Tribal Leadership

David Logan, former Associate Dean of Executive Education @ USC, spoke recently at a TED extension event at USC (TEDxUSC). He shared his findings on the nature of “Tribal Leadership” common in all cultures. He creates a hierarchy of five tribal levels:

Tribal Level One:  gangs and prison populations

Tribal Level Two:  functional organizations (groups of people at the DMV, etc.)

Tribal Level Three:  personal advancement among peers and competitors

Tribal Level Four:

Tribal Level Five:

I’ve left these last two blank. While I understand what David is saying, I’m not convinced that stark categorical definitions can even begin to describe the nature of ethically advanced communities.  I’m sure his book (free download) is far more nuanced and expanded.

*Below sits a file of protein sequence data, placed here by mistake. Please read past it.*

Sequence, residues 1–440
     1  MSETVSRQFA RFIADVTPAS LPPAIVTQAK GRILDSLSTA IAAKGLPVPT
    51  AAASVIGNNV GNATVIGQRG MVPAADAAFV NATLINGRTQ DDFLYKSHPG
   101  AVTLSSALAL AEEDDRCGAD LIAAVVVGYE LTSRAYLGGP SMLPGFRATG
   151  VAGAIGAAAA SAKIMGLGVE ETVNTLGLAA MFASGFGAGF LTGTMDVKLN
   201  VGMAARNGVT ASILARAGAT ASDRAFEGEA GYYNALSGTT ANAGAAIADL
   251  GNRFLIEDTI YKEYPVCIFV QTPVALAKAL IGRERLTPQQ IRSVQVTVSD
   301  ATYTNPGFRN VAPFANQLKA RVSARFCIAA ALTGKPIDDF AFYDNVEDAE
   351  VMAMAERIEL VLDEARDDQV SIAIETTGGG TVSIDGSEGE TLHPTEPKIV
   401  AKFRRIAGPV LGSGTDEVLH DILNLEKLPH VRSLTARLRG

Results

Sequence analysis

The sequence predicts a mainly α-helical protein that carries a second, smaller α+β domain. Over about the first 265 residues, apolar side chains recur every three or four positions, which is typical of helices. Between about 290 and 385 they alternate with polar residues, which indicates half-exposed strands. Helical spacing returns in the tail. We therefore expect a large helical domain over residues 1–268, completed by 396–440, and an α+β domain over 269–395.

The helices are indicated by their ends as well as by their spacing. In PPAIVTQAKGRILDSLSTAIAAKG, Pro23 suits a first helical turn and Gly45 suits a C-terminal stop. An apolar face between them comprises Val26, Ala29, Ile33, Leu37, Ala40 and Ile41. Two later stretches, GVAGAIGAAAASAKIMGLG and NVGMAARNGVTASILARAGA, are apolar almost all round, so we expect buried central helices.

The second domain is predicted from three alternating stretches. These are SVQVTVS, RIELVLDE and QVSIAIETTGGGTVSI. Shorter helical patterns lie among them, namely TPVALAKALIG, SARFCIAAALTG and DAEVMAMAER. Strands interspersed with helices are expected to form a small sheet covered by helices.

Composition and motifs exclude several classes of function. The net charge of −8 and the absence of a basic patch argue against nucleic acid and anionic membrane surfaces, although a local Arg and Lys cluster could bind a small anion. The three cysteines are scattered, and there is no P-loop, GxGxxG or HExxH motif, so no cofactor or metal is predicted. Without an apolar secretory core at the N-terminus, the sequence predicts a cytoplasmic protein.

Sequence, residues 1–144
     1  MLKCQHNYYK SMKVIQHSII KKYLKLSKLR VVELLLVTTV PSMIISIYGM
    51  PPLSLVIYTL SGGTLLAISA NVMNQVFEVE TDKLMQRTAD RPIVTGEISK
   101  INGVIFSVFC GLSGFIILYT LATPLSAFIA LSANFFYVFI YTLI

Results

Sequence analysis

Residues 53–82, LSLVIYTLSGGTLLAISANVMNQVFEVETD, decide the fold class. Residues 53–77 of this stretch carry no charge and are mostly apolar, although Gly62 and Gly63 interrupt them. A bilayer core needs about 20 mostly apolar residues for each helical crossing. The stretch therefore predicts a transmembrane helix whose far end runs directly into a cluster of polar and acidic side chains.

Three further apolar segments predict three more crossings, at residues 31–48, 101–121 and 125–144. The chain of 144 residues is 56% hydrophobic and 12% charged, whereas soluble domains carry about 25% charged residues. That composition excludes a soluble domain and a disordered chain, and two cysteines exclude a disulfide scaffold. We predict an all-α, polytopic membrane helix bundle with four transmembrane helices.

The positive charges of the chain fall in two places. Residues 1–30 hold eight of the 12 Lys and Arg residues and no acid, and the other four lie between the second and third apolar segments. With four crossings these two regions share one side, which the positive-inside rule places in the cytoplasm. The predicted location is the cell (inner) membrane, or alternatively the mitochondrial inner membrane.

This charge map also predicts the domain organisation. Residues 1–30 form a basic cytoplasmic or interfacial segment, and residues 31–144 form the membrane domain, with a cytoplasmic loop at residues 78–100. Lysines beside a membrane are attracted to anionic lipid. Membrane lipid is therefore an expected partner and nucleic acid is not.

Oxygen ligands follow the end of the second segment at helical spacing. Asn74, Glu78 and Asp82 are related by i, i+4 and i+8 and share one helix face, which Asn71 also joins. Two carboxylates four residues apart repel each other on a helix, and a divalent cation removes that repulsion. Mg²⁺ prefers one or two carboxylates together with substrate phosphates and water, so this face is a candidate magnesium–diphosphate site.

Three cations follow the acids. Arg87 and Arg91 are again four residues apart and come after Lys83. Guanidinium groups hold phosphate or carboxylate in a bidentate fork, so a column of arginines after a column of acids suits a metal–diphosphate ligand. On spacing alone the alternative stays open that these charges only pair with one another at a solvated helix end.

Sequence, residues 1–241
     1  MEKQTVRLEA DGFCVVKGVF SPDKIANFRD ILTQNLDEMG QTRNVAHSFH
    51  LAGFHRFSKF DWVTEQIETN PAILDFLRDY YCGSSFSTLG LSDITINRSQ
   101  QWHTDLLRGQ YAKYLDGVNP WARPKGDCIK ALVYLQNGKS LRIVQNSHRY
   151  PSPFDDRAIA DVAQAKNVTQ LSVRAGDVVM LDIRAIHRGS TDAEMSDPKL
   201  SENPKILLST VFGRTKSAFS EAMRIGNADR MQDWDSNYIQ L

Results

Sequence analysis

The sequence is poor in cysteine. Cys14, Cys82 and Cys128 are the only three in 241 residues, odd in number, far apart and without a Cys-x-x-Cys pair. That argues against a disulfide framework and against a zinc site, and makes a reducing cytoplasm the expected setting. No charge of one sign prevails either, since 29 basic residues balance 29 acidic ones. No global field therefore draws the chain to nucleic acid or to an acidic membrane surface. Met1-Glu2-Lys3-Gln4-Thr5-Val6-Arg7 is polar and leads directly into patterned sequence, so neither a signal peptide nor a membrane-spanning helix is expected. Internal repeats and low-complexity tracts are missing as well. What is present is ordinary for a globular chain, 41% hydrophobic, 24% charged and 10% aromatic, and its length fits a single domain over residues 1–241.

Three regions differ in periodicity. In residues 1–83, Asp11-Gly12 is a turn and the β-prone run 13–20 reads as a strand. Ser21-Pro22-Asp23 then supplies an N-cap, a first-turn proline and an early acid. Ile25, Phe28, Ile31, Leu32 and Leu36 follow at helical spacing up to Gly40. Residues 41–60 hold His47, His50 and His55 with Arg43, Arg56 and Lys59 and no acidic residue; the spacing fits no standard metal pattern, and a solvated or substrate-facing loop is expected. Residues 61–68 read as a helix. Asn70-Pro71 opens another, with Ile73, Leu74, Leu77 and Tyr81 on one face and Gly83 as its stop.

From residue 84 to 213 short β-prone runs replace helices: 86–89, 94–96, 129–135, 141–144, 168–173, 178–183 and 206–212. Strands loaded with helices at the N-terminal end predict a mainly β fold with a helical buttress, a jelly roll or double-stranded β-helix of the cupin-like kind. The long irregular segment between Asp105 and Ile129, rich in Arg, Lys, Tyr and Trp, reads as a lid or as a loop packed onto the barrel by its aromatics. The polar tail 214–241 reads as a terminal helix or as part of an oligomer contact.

David assigns his definitions of “higher community” and then notes that only 2% of human population exists in Tribe Five. I’ve seen this before, and in every place I see it there’s always a strong sense of elitist in-grouping:  gurus, clears, masters, clergy, etc..  I don’t buy it. These kinds of simplifications (five tribal levels, eight spiral colors, etc..) take profoundly complex dynamics and force them into something resembling hierarchical religion.

I’ll read his book and report back. I actually did enjoy his talk at USC and encourage you to watch it. Some valuable insights here from a very charismatic speaker.

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